Bookmark and Share



More reviews

The English Sweats by James Brookes

[...continue...]

We needed coffee but ... by Matthew Welton

[...continue...]

Sounds in the Grass by Matt Nunn

[...continue...]

Seventeen Horse Skeletons by Charlotte Runcie

[...continue...]

Heather Phillipson: Faber New Poets 3
Faber and Faber, 5.00

Click here to buy

A recent letter to the Cambridge Literary Review referred to "the simple plundering of domesticated interiority for its symbolic potential" as the poetic standard which Cambridge School poets are keen to move beyond. The writer could have been (but almost assuredly wasn't) making a jab at Heather Phillipson specifically, whose work in this debut pamphlet is largely 'interior', both in the sense that it traces patterns of thought and reflection and that much of it is set indoors - in kitchens, bedsits, bathrooms and studies. But while there is a winning simplicity in Phillipson's writing ("How devastating you looked today across Soho Square/in your pink cashmere sweater,/your man bag over your left shoulder"") she proves that as far as domesticated interiority goes, there's more to it than symbolism.

Phillipson's other notable strength is the humorously elaborate line - or rather, to find beauty in what's sonically and visually awkward.

One feature that's especially striking is how little action there is. Phillipson slows time down to the extent that a poem might take place in a mere moment; all its questing energy is taken up in speculation, observation and supposition - the human brain going at the speed of light. In 'Practicing a Celtic Language as Distraction from a Bad Haircut', all the physical movement is in the first three lines:

"As if it might change anything,
you cite Welsh road signs to my newly-barbered ears
in your previously-owned car while I roll up the window."

The rest of the poem, complete with Celtic interjections, is a heady mixture of personal essay, memoir and lamentation, ending with the conclusion: "My new look is accidental". 'Ablutions' is more ambiguous; Phillipson is taking a bath and her stream of consciousness could be taking place over a second or an hour. All we know for sure is that during the poem "I synchronise my loofah./My big toe turns the hot tap." Elsewhere, she is on a transatlantic flight, fantasising about an unlikely engagement with the man seated next to her, or unscrewing the lid of a jar of nuts while imagining adventures with a rhyming dictionary.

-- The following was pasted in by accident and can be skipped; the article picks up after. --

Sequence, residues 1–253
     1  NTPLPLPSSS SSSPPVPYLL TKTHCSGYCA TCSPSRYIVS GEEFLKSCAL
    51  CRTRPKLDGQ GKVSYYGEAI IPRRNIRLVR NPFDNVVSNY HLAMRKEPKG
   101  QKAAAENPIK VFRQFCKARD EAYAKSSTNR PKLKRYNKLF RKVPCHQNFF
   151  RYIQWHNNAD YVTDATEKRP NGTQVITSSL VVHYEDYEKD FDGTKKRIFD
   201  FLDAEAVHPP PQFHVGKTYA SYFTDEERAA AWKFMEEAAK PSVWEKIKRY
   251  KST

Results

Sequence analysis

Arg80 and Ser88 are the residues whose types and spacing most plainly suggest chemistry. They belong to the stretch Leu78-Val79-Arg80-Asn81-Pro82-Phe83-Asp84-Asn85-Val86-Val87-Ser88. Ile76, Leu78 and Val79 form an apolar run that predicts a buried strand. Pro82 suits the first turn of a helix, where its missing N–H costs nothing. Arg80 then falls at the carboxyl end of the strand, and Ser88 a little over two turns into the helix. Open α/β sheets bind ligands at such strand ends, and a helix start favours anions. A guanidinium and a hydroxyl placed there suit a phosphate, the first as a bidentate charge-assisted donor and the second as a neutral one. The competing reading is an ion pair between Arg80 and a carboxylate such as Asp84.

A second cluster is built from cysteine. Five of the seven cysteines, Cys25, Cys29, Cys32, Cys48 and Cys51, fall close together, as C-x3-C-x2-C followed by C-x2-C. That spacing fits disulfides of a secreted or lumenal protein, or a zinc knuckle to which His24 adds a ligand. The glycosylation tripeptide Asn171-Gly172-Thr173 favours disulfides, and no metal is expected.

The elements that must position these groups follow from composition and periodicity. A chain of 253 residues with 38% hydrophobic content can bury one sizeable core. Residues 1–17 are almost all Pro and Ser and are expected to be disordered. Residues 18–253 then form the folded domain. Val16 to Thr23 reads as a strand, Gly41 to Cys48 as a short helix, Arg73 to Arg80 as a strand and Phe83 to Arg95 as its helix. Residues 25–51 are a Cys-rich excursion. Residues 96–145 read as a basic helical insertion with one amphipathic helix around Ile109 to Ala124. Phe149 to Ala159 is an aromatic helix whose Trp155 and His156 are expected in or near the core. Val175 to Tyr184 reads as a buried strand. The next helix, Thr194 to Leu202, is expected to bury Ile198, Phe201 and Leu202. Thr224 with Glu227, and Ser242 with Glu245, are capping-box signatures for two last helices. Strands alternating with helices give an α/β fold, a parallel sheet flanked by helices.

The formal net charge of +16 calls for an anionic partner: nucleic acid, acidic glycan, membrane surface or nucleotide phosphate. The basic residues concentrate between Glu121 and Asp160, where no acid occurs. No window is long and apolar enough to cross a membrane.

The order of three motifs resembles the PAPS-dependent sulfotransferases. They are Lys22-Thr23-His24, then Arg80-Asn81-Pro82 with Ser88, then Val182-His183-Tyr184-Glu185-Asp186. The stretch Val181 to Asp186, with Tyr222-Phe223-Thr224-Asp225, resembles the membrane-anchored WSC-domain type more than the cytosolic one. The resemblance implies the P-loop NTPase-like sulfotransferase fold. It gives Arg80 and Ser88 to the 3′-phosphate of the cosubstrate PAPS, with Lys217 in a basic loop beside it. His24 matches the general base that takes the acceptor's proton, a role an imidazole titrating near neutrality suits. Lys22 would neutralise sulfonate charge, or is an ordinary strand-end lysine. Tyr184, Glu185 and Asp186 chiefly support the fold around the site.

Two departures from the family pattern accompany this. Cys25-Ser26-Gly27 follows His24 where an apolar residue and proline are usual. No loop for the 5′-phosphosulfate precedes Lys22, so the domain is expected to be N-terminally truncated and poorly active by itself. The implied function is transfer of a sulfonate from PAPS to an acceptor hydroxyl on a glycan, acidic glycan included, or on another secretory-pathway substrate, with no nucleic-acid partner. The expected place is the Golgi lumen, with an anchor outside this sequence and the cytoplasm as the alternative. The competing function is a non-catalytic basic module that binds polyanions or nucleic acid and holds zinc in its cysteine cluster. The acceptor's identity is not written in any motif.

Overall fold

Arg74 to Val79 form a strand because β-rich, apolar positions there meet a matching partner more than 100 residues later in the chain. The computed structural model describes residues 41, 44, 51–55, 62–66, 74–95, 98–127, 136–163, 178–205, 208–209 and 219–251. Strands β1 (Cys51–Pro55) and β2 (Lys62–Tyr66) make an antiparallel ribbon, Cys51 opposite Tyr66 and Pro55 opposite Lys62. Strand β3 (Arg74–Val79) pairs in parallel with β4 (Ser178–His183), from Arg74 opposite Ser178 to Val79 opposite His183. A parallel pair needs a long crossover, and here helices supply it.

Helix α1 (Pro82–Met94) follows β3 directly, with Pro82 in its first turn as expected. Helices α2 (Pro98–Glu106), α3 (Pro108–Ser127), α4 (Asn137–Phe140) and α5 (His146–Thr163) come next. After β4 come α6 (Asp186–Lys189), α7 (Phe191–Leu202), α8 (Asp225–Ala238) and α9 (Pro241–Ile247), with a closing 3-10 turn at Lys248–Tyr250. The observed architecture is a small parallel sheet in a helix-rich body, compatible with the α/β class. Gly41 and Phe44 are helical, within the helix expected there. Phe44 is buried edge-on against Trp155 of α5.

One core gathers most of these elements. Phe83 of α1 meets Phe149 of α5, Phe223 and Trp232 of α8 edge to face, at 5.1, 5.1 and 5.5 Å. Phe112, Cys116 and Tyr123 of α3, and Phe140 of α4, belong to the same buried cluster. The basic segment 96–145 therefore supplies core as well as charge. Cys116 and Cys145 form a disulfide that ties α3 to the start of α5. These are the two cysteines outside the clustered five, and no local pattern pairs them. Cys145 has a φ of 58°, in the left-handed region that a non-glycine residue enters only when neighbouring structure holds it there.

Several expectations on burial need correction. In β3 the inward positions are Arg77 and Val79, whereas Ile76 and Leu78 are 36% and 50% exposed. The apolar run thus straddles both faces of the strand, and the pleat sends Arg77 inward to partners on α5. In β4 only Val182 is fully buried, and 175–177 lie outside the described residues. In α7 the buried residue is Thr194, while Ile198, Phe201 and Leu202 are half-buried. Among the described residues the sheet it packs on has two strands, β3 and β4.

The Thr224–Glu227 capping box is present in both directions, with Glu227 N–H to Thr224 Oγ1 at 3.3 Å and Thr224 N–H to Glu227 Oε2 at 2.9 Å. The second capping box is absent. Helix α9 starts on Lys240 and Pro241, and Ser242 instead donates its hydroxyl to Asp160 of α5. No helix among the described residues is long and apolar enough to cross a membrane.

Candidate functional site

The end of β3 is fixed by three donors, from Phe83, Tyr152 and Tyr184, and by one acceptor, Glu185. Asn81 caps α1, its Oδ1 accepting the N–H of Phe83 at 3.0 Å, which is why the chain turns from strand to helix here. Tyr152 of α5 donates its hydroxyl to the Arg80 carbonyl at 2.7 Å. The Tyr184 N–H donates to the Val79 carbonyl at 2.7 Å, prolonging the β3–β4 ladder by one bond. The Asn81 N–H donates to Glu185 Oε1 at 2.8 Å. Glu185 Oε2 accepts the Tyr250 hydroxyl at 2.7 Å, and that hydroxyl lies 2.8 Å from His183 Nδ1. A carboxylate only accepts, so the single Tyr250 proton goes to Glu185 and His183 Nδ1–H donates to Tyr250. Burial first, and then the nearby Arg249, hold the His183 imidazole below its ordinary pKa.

The first piece in the book, 'German Phenomenology Makes Me Want to Strip and Run through North London', adds a layer of supple irony to the effect. As made apparent by the title, it's essentially a poem about the dullness of 'thinking' when weighed against the visceral fulfilment of 'doing'. Lifetimes' worth of intellectual booty seem tiresome when weighed against even the smallest nonconformist act:

"... I''d rather be outside, naked, than learned -
rather lap the tarmac escarpment of Archway Roundabout
wearing only a rucksack. It might come in useful.
I can't take any more of Heidegger's
Dasein-diction ..."

But the narrator in this poem is only thinking about 'doing', and it's the thinking she takes pleasure in. The activity remains intellectual, the escapade a dream. In fact, this internal world is so all-consuming, Phillipson implies, that it actually threatens to replace action. See this momentary absent-mindedness in 'You're an Architect and I Want to Make Dinner for You':

"... Yes,
our windows will be curvilinear. I pour the cream,
neatly fold your drawing (twice), nearly forget to eat."

Phillipson's other notable strength, of course, is the humorously elaborate phrase - or rather, to find beauty in what's sonically and visually awkward. Amid the attention-grabbing clarity of lines like "I am deranged with sugar", there are an abundance of difficult words and terms - 'epistemology', 'methodological', 'Structuralist', 'non-Euclidean' and 'fricatives', to name a few. They are always dispensed wryly and somewhat self-mockingly, one of the features of a voice that mimics the human tendency to go let wild thoughts run free, making off with anything they can get their hands on. After all, no one need know where your mind's been.

JS

dr f writes:

"When the first three poems in a book comprising only of 16 (so almost a fifth) feature female nudity, one wonders how cynical the publisher. If Faber weren't so in love with their no-effort minamilist cover designs, we could surely have expected to see Phillipson in full colour, 'drop my robe on the communal stairs' perhaps - one of those holographic stereograms that used to come with packets of cereal - or experience first hand 'the way foam is distracted from water/and clings all over my contours.' That would certainly be distracting. For the girls, it's worth noting there are a number of devilish-sounding men discussed in the book as well."